Eleven British-based animal charities met Lord Randall on Monday to call for the Government to increase sentences for animal cruelty.
Under current legislation, those who commit the worst animal cruelty offences can receive a maximum prison sentence of only six months.
Environment Secretary Michael Gove first announced the Government’s intention to increase maximum prison sentences from six months to five years in September 2017. Despite promises and assurances by the Government to amend the Animal Welfare Act, and the policy being announced at two consecutive Conservative Party conferences, the change has yet to be made.
The UK Government’s pledge would bring England into line with other European countries.
Roly Owers, chief executive of World Horse Welfare, said that the majority of equine cases that are prosecuted do not meet the requirements for a prison sentence – those that do include cases where there has been a deliberate attempt to cause suffering or there is ill-treatment in a commercial context.
“However, this pledge will give judges a greater range of options for cases which do meet the requirements for a prison sentence. We believe this will encourage tougher – and more proportionate – sentences to be given for serious animal cruelty offences and act as a proper deterrent to those who abuse horses,” Owers said.
“The Amersham case of 2009 remains one of the worst cases of equine cruelty seen, with over 100 animals suffering prolonged neglect and living in squalid conditions and 32 sadly found dead on the premises. The dealer responsible was sentenced to the maximum time allowed, 24 weeks in prison, and given a lifetime ban. The proposed change to the law would ensure that if an equivalent case was tried the sentence handed out could better reflect the seriousness of the crime.”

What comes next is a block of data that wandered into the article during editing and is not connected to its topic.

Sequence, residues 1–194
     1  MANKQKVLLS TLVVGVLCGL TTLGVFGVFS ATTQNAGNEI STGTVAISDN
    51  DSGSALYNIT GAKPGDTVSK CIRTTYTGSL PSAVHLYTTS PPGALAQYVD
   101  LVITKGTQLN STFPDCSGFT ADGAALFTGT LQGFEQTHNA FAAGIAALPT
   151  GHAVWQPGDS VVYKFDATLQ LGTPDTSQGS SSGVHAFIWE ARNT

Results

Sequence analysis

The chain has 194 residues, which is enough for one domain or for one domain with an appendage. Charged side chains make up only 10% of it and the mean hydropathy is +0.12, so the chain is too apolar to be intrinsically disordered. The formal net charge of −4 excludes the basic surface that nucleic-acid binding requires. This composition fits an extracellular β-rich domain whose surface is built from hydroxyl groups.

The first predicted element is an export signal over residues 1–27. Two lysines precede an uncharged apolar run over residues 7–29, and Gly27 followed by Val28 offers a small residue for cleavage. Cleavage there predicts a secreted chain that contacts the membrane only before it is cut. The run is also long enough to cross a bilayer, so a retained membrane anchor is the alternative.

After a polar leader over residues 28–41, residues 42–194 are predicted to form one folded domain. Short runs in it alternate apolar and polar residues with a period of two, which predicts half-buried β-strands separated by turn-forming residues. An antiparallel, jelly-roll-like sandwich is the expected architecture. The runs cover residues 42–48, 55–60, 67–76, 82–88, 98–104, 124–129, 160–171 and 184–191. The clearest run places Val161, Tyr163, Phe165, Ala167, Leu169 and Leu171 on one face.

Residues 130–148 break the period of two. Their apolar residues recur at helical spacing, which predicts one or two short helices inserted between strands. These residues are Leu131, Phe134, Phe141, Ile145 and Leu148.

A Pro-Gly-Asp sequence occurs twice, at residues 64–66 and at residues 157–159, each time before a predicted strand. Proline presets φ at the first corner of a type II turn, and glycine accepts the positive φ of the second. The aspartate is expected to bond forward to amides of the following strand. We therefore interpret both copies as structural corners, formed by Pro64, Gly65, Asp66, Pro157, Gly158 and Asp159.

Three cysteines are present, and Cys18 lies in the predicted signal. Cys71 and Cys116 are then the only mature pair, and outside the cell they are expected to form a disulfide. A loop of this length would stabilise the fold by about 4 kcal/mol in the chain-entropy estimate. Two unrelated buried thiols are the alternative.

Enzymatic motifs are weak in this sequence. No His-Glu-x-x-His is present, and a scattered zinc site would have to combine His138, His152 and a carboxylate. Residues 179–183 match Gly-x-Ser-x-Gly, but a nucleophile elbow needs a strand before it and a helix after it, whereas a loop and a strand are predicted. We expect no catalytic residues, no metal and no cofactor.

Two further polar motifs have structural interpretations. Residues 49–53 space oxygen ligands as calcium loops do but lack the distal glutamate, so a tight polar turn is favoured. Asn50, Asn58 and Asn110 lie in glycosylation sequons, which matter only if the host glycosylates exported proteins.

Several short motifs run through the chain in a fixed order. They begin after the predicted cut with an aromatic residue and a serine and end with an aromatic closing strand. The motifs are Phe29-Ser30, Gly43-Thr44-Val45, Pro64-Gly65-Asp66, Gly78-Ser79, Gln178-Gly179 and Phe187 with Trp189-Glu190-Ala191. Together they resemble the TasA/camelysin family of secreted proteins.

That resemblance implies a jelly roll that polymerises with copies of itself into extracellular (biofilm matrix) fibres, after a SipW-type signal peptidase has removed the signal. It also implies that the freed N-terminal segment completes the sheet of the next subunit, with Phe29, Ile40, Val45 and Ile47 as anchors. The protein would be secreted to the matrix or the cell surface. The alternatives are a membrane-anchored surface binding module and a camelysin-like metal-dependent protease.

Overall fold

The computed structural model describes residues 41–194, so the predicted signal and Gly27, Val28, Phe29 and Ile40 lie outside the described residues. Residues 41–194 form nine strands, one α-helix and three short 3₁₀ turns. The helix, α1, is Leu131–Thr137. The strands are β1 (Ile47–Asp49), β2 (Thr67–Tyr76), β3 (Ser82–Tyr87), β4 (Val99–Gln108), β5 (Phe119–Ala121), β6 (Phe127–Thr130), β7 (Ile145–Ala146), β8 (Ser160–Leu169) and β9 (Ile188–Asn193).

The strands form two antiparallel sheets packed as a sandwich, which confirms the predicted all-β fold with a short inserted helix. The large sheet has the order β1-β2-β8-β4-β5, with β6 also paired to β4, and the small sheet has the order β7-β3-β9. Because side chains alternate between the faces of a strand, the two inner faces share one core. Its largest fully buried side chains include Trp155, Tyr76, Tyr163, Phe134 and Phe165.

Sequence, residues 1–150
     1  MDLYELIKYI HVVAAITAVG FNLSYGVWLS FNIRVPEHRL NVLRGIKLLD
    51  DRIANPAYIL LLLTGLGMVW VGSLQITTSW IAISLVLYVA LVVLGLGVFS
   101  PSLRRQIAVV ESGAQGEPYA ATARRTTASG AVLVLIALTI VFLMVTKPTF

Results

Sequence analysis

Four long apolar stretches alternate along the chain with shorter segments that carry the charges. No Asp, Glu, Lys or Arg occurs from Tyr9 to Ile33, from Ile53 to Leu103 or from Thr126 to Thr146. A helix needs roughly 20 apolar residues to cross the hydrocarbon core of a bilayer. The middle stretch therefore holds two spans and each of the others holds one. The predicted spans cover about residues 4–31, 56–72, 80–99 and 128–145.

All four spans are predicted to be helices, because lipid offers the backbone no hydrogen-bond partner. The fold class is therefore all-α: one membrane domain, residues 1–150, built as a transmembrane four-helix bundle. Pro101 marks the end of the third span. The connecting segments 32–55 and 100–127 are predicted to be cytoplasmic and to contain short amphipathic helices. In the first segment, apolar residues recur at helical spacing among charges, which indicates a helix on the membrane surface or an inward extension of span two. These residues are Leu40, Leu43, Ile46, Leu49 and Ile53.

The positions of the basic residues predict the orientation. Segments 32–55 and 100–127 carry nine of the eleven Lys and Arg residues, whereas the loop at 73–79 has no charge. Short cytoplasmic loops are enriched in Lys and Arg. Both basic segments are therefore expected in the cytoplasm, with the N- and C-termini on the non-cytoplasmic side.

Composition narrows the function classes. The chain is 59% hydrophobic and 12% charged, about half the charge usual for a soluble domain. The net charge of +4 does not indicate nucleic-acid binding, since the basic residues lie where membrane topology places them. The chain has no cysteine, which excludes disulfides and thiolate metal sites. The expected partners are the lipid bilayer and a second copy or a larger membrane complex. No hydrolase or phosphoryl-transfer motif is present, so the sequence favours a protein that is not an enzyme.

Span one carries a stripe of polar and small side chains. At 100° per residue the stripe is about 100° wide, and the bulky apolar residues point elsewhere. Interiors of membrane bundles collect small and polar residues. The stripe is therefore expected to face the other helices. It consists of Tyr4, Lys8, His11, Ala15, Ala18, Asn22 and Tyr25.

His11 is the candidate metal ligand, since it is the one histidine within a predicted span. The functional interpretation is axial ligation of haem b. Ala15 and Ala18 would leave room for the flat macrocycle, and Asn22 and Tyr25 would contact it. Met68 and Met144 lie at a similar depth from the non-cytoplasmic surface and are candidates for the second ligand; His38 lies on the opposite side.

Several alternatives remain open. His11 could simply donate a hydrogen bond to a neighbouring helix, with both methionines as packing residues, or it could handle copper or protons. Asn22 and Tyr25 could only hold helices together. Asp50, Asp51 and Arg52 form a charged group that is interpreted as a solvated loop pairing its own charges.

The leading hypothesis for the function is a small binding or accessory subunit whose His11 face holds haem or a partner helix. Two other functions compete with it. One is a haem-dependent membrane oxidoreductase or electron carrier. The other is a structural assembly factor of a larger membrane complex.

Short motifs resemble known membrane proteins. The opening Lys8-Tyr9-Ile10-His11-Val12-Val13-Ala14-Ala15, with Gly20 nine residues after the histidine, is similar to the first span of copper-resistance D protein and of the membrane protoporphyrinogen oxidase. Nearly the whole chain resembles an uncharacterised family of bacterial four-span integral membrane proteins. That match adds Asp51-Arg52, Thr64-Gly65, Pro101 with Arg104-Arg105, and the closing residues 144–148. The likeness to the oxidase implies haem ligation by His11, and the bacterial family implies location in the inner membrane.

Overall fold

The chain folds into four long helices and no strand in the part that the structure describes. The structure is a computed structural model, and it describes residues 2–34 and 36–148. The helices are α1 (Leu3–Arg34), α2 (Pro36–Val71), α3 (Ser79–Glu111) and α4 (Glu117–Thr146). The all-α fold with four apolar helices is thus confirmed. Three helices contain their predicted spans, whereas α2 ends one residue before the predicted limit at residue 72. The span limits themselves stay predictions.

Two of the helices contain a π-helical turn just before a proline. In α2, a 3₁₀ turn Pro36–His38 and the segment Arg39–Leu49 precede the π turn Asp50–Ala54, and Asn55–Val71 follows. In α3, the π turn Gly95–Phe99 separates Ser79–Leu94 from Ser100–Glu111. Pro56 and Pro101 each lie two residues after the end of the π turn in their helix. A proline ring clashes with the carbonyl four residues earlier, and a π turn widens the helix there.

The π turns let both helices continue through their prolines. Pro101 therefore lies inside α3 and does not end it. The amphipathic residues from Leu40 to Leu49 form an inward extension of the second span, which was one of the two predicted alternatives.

RSPCA chief executive Chris Sherwood said it had been more than 18 months since the Government pledged to increase penalties for the most serious cases of animal cruelty, “and we’re still waiting for them to fulfill their promise”.
“During that time, animals have been shot, stabbed, set on fire, drowned, beaten and left to starve to death. A maximum sentence of six months in prison for beating a dog to death with a shovel or throwing a cat off the roof of a building simply isn’t enough. The courts need to have longer sentences at their disposal for the worst animal abusers – and they need these powers as soon as possible.”
The 11 organisations at the meeting in 10 Downing Street were represented by:
- Claire Horton, Chief Executive, Battersea Dogs & Cats Home
- Steve Goody, Deputy CEO & COO, Blue Cross
- James Yeates, Chief Executive, Cats Protection
- Dr Nick Palmer, Head of UK, Compassion in World Farming
- Paula Boyden, Veterinary and Campaigns Director, Dogs Trust
- Claire Bass, Executive Director, Humane Society International UK
- David Cowdrey, Head of Policy and Campaigns, International Fund for Animal Welfare
- Andrew Knott, Chief Executive, League Against Cruel Sports
- Chris Sherwood, Chief Executive, RSPCA
- Paula Sparks, Chair, UK Centre for Animal Law
- Roly Owers, Chief Executive, World Horse Welfare